The New Hampshire Supreme Court will hear oral arguments Thursday in a case dating back more than four decades. That case involves convicted murderer Robert Breest, who was given a life sentence for raping and killing 18-year-old Manchester resident Susan Randall in 1971.
Breest is now 78-years-old and is asking for a re-trial based on new forensic evidence.
Paige Sutherland sat down with NHPR's Rick Ganley to talk about the case.
This has been quite the lengthy legal battle. So let’s back track a little. For those who don’t know the case – break down some of the specifics that will be coming up in today’s arguments.
Basically back in 1973 the state convicted Robert Breest using three key pieces of evidence: One: hair fibers found in Breest’s car that matched the coat the victim was wearing the night of the crime, Two: DNA evidence found under the victim’s fingernail linking to one male suspect, which they claimed was Breest, and Three: a confession Breest allegedly made to a current inmate at the time while he was being charged.
Breest’s lawyers are trying to poke holes in all three of those – but during last year’s appeal the judge only allowed the defense to argue for a new trial based on new forensic evidence found under the victim’s fingernails showing DNA of at least two males.
The defense argues because DNA of at least two male suspects was found – that completely discredits the state’s claim that Breest – acting alone, picked up Susan Randall while she was hitchhiking, brutally beat her and dumped her body into the Merrimack River in Concord.
So I’m guessing because the state Supreme Court is now hearing the case – that claim didn’t win the judge over?
Nope. The judge decided that because the new DNA evidence doesn’t rule out Breest as a suspect – it wasn’t enough to say a new jury would have acted a different way.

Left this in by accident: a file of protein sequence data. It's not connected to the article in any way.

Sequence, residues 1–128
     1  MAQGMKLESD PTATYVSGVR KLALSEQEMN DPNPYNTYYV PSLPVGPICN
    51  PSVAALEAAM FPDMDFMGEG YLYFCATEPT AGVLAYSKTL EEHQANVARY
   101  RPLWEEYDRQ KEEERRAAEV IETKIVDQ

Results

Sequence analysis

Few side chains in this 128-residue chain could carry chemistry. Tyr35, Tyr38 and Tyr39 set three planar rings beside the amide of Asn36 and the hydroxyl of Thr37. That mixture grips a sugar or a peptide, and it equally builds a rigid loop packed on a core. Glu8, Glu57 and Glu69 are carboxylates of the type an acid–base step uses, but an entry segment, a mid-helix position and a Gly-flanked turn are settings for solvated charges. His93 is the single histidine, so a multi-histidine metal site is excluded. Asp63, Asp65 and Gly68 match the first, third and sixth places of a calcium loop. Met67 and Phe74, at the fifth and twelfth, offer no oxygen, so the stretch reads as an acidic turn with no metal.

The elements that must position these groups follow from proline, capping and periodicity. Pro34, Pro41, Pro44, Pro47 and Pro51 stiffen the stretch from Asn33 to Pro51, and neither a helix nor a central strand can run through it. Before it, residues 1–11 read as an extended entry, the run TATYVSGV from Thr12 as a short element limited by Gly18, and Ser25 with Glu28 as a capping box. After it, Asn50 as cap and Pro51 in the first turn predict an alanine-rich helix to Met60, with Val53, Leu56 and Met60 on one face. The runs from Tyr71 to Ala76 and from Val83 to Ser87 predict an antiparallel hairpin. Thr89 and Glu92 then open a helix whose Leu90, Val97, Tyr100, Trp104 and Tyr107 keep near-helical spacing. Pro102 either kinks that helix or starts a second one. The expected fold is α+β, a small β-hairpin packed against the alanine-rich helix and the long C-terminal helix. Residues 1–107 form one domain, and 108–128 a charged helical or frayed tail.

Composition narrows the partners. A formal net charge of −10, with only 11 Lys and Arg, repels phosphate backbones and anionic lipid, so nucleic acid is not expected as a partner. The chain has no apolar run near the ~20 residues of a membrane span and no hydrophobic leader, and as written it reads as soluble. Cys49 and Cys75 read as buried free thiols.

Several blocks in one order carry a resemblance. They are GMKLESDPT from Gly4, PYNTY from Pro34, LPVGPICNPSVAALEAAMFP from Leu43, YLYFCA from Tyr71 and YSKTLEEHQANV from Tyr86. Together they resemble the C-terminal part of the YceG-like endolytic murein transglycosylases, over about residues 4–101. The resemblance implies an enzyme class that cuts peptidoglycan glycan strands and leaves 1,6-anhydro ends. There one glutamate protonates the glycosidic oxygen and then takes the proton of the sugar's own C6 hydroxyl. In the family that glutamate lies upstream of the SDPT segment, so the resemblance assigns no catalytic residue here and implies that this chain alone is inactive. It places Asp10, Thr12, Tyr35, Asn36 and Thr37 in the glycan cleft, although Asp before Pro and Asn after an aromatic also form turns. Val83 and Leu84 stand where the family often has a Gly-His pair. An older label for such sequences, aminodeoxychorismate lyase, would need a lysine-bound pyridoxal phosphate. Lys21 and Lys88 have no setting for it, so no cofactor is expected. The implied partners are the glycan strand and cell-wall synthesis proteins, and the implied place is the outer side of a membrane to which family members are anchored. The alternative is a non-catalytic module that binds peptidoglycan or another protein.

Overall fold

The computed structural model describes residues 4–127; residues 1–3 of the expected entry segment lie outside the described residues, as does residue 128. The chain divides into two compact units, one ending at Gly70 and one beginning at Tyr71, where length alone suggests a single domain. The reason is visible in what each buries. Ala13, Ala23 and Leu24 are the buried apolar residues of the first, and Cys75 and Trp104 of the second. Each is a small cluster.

And the state is likely to argue that again today as well as stress that this second piece of male DNA could be from a “casual male contact” i.e. a man she might have bumped into at the pizza parlor she was at earlier that night or that because this sample dates back four decades ago it could have gotten contaminated along the way.
Besides trying to convince the justices that this new evidence is strong enough to sway a new jury – what other arguments will Breest’s legal team be expected to bring up?
They will also be arguing that the lower court judge misruled when he decided that only arguments regarding this new forensic evidence could be brought up during last year’s hearing.
Breest’s lawyers believe that during the hearing they should have been allowed to talk about the other evidence including the hair fiber from the victim’s coat found in Breest’s car, which his lawyers claim due to advancements in technology this testing method has been scientifically proven to be unreliable. And; therefore, should be thrown out.
As well his lawyers will claim that they should've been allowed to discuss the credibility of this so-called jail house confession, which has been put into question since the trial. Therefore, the defense believes being able to bring up these elements is crucial to Breest’s appeal as they are the very factors that convicted Breest in the first place.
Breest has been locked up for 43 years now – has he had any opportunities to get out since then?
Yes. He’s been offered parole hearings twice now but since he’s unwilling to admit to the crime – he can’t be considered.
And it’s not only him that has been steadfast on his innocence. His wife of more than 44 years has also stood by his side along with his three children. His wife and at least one of his children are expected to be at today’s hearing.
As well as representation from the Innocence Project. They’ve been on the case for a while now. Their argument is that too often faulty DNA testing leads to wrongful convictions – specifically out of the 337 people exonerated in the U.S. – half is due to DNA testing.
As we know each side will have 15 minutes to argue their case today. But when should we expect a decision on this?
Well Rick, given the details in this case we shouldn’t expect a ruling for at least a few months.
And if the justices do grant a new trial – that would likely not start until at the earliest this summer. But just because Breest is granted a new trial doesn’t mean the state has to prosecute – they might not have the time nor the evidence to seal in another conviction. In that case if they decide not to move forward, Breest could be out of jail before the end of the new year.